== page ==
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Int J Epidemiol. 2013 Feb;42(1):176-85. doi: 10.1093/ije/dys215. Epub 2012 Dec 14.

Early exposure to toxic metals has a limited effect on blood pressure or kidney function in later childhood, rural Bangladesh.

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Medical Research Council International Nutrition Group, London School of Hygiene and Tropical Medicine, London, UK.



Chronic exposure to toxic metals such as arsenic and cadmium has been implicated in the development of kidney and cardiovascular diseases but few studies have directly measured exposure during inutero and early child development.


We investigated the impact of exposure to arsenic (mainly in drinking water) and cadmium (mainly in rice) during pregnancy on blood pressure and kidney function at 4.5 years of age in rural Bangladesh. The effect of arsenic exposure in infancy was also assessed.


Within a cohort of 1887 children recruited into the MINIMat study, exposure to arsenic (maternal urinary arsenic, U-As), but not cadmium, during in utero development was associated with a minimal increase in blood pressure at 4.5 years. Each 1 mg/l increase in pregnancy U-As was associated with 3.69 mmHg (95% CI: 0.74, 6.63; P: 0.01) increase in child systolic and a 2.91 mmHg (95% CI: 0.41, 5.42; P: 0.02) increase in child diastolic blood pressure. Similarly, a 1 mg/l increase in child U-As at 18 months of age was associated with a 8.25 mmHg (95% CI: 1.37, 15.1; P: 0.02) increase in systolic blood pressure at 4.5 years. There was also a marginal inverse association between infancy U-As and glomerular filtration rate at 4.5 years (-33.4 ml/min/1.72 m(2); 95% CI: -70.2, 3.34; P: 0.08). No association was observed between early arsenic or cadmium exposure and kidney volume at 4.5 years assessed by ultrasound.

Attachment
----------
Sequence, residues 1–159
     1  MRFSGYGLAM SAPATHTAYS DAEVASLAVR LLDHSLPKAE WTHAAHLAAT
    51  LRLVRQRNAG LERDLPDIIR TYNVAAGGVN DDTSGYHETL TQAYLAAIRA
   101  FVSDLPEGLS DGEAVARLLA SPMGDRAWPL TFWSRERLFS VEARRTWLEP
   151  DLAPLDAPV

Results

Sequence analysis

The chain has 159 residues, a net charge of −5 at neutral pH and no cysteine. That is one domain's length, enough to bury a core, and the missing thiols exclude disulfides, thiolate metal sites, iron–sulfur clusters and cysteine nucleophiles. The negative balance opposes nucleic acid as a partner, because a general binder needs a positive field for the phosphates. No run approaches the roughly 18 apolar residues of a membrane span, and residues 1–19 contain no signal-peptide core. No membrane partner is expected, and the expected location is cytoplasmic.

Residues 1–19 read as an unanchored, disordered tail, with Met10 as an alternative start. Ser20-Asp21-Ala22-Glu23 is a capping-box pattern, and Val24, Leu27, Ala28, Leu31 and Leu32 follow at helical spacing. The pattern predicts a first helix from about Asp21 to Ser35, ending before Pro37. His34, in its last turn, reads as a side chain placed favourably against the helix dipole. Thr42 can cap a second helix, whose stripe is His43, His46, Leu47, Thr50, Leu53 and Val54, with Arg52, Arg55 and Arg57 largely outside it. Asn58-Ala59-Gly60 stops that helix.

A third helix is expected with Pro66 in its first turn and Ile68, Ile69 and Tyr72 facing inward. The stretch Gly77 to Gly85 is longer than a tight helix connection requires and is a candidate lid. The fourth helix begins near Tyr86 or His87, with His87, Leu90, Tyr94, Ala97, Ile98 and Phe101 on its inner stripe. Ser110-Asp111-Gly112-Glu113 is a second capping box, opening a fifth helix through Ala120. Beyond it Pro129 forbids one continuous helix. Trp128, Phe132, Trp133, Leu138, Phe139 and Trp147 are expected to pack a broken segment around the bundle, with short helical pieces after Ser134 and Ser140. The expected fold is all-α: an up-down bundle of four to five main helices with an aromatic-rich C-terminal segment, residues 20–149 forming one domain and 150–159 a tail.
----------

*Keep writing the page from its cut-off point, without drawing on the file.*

These modest effect sizes provide some evidence that arsenic exposure in early life has long-term consequences for blood pressure and maybe kidney function.

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